‘Step in right direction’ as council declares war on pay day lending advertisements

1
Have your say

A LOCAL network of credit union access points may be desirable, but it will come too late for many Borderers already ensnared in the vicious circle of paying the exorbitant compound interest rates levied by so-called “pay day” loan companies.

That is the view of Pat Buckley, manager of the Roxburgh Citizens’ Advice Bureau which has offices in Hawick and Kelso.

Mrs Buckley admitted the number of clients coming to her organisation for debt counselling had risen fourfold over the last five years and that this trend had been accelerated by the phenomenon of companies offering short-term loans which carry annual percentage rates (APRs) of up to 5,000 per cent.

And she welcomed the decision of Scottish Borders Council last week to unanimously support Councillor David Raw, a former executive member for social work, in his call to the Scottish and Westminster governments to enact legislation against the short-term lenders. Specifically, Lib Dem Mr Raw wanted his colleagues to deplore the “extraordinary high level of APR” and demanded that the top half of the ubiquitous television and online advertisements should display, in bold type, the APR interest and the penalties for not repaying on time.

He said pay day loans had grown in recent years “not like mushrooms, but more like poisonous toadstools”.

Mr Raw told the meeting: “These companies have propelled hundreds of poor people into unsustainable debt ... and they are here in our midst in the Borders. Their growth has been hastened by higher rates of unemployment and the current economic situation.

“Via the internet, they reach out to the most remote corners of our region. A Google search of pay day loans has links to every town in the Borders and I counted over a dozen links to ‘Galashiels: Pay Day Loans’ in the search engine.

“One [Wonga.com] is even emblazoned on the shirts of our nearest Scottish Premier League team [Heart of Midlothian].

“Companies use the soft sell of ‘It’s quick and it’s easy’ and we are shown pictures of young, attractive, smiling people in their advertisements.

“What is hidden away in the barrage of daytime television ads is the tiny strapline with the APR interest rate, but there is nothing tiny about the rates. Many of the firms concerned are based abroad and, in effect, they are making personal debt in the UK bigger at a cost of exporting massive profits, measured in billions, out of the country. It is truly an Alice in Wonderland form of economics.

“On a human scale, there are numerous stories in the national press about debt causing depression, marriage break-up and even suicide.”

Mr Raw said poor people had been coming to the CABx in the Borders with “tales of woe”, after falling behind with a few hundred pounds worth of debt and ending up in hock for 10 times that amount as a result of the high APR and late payment penalties.

“This council’s own welfare benefit advice team in Earlston reports a doubling of the number of people needing debt advice since Christmas and it is forecast these figures will accelerate even more when the Welfare Reform Bill, which it is estimated will take around £10million out of overall benefits payments, is enacted over the next couple of years.”

Mr Raw admitted his motion calling for tighter controls and guidelines on advertising was “limited”.

“I personally would go further and call for a cap on interest rates as practised in Australia and 15 states in the USA, more stringent rules on television advertising and for local authorities like SBC to be able to refuse planning permission for pay day loan shops,” he added.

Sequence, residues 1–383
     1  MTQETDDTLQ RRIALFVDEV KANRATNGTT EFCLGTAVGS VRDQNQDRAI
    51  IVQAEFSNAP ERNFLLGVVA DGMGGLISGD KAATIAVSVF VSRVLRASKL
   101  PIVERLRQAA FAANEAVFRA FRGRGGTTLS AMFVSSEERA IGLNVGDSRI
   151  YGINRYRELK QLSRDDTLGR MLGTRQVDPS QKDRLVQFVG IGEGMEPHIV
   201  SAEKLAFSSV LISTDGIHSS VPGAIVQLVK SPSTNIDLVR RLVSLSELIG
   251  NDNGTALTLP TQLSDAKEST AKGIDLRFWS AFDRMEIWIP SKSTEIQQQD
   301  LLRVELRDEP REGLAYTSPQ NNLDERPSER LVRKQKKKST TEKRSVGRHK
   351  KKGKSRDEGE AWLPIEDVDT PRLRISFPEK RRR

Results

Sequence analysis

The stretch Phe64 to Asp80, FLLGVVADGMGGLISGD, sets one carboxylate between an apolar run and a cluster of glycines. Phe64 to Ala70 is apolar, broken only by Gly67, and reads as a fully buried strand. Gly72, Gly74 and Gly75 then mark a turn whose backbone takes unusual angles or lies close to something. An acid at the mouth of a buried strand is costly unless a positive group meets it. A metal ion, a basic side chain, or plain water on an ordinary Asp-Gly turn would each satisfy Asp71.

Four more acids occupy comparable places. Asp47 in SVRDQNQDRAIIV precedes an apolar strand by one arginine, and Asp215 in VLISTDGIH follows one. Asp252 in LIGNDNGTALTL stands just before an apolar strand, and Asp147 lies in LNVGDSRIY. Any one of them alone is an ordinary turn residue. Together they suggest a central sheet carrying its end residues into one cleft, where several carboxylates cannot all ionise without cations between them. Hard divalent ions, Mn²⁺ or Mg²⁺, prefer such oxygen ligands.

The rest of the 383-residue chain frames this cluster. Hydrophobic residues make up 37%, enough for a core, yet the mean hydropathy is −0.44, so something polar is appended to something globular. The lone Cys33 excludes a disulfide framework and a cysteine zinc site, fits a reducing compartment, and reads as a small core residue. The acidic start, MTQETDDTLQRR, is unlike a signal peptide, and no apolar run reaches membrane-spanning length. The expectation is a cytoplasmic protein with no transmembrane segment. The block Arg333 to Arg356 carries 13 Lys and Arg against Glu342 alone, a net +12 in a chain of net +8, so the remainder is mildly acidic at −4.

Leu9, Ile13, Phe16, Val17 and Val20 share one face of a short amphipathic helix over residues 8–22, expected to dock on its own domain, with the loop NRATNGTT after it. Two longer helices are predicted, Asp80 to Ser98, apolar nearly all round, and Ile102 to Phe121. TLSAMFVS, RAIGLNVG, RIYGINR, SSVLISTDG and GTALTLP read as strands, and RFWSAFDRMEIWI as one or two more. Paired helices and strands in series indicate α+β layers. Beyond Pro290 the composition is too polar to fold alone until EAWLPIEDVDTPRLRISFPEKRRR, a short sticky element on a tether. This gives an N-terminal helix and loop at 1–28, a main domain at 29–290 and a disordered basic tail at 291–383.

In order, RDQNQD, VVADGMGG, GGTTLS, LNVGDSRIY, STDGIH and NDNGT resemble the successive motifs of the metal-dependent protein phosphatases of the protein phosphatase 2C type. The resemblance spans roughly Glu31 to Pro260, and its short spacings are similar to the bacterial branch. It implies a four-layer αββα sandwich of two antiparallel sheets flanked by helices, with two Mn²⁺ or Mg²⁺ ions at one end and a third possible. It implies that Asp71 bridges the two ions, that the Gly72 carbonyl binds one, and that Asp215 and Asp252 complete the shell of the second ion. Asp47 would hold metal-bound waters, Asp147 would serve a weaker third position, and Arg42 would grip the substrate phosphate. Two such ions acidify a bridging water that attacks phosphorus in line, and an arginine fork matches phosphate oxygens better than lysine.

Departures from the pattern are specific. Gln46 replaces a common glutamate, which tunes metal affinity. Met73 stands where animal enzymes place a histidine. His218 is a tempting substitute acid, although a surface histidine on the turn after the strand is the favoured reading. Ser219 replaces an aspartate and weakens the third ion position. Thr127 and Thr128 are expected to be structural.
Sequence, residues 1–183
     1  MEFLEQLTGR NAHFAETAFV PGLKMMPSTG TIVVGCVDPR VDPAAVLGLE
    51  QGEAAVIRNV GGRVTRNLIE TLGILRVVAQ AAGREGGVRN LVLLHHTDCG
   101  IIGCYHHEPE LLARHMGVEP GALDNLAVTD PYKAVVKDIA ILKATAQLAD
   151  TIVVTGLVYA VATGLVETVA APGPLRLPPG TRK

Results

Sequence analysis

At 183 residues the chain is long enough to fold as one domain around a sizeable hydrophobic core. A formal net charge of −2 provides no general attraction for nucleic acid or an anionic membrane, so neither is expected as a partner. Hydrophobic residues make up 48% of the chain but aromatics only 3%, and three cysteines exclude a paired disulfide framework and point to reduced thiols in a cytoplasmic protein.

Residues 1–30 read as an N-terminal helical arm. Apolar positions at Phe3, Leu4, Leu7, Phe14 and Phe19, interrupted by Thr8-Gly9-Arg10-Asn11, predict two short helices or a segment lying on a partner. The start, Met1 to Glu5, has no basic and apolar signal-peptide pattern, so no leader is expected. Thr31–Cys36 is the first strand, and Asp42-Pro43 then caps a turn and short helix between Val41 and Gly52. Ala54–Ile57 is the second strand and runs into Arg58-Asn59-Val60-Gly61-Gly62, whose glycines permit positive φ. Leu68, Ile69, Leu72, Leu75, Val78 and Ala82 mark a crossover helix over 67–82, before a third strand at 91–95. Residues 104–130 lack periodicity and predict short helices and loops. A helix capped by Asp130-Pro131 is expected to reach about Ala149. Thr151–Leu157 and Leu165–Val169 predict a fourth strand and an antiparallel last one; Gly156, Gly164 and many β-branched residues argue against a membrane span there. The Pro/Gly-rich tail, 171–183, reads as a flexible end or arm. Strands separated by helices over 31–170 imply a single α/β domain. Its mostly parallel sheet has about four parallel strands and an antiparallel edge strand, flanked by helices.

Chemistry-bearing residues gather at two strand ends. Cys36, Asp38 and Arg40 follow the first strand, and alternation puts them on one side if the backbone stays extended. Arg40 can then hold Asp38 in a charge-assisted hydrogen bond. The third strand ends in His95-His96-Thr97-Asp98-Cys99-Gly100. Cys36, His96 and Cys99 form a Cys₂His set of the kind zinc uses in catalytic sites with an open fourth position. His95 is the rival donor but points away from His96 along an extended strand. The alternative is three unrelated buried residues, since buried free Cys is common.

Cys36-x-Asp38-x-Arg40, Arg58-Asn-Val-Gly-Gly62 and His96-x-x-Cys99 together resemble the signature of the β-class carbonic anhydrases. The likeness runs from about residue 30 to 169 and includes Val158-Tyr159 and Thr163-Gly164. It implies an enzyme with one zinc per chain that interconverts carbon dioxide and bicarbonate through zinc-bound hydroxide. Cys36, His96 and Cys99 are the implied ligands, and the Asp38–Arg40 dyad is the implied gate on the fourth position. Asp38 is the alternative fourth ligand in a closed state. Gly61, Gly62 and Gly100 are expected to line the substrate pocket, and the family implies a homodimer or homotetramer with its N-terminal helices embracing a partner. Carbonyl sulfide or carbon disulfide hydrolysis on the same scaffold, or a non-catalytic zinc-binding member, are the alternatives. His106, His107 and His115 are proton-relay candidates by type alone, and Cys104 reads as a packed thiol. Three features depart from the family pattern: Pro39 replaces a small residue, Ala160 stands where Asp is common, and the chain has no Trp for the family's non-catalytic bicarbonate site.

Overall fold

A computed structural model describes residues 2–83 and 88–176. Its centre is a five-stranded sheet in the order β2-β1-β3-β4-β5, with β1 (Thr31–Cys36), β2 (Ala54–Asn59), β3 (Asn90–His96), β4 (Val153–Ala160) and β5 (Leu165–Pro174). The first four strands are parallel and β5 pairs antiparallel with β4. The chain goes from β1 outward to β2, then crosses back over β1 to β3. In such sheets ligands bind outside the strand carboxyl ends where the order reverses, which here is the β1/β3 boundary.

Mrs Buckley said she agreed with Mr Raw’s appraisal and called his successful motion “a step in the right direction”.

“The problem is that it is too late for those people already caught up in the pay day loan trap and there is no doubt legislation, coupled with alternative lending arrangements, is urgently required,” she told us.

“It is ludicrous, for example, that people can secure one of these loans by text with, apparently, no questions asked as long as they are in employment. The trouble is that people’s circumstances can change through cutbacks in their hours or marriage break-up and the spiral of indebtedness begins.”

Mrs Buckley said the CAB’s concerns over pay day loans had been expressed at a meeting with local MP and Scottish Secretary Michael Moore, Councillor Raw and Marlene Shiels, chief operating officer of the Edinburgh-based Capital Credit Union (CCU) which is licensed to cover the Borders and has recently launched its Swift500 accessible loan with an APR rate of just 26 per cent.

“The view of the CAB expressed at that meeting is that if more CCU access points, through registered social landlords and council contact centres, could be set up in the Borders, it would sustantially ease financial problems for our clients. Our advice to anyone thinking of taking a pay day loan is definitely to think long and hard about the implications.

“Our advisers at the CAB are happy to proactively help our clients develop budgeting and financial skills although, again, that is too late for so many people already ensnared.”

Mr Moore admitted there was “huge concern” about pay day lenders in the Borders where lack of affordable credit was an important issue for many local people. He said the problem was being targeted by both the Office of Fair Trading and the UK Government which has been consulting on the future of consumer credit.

“Another way of tackling the activity of loan sharks is though the excellent work of credit unions and I have met with the local CAB and others to discuss how we can promote the services they provide,” said Mr Moore.

“I personally will continue my work with the CAB and other local groups to ensure Borderers benefit from the services provided by credit unions.”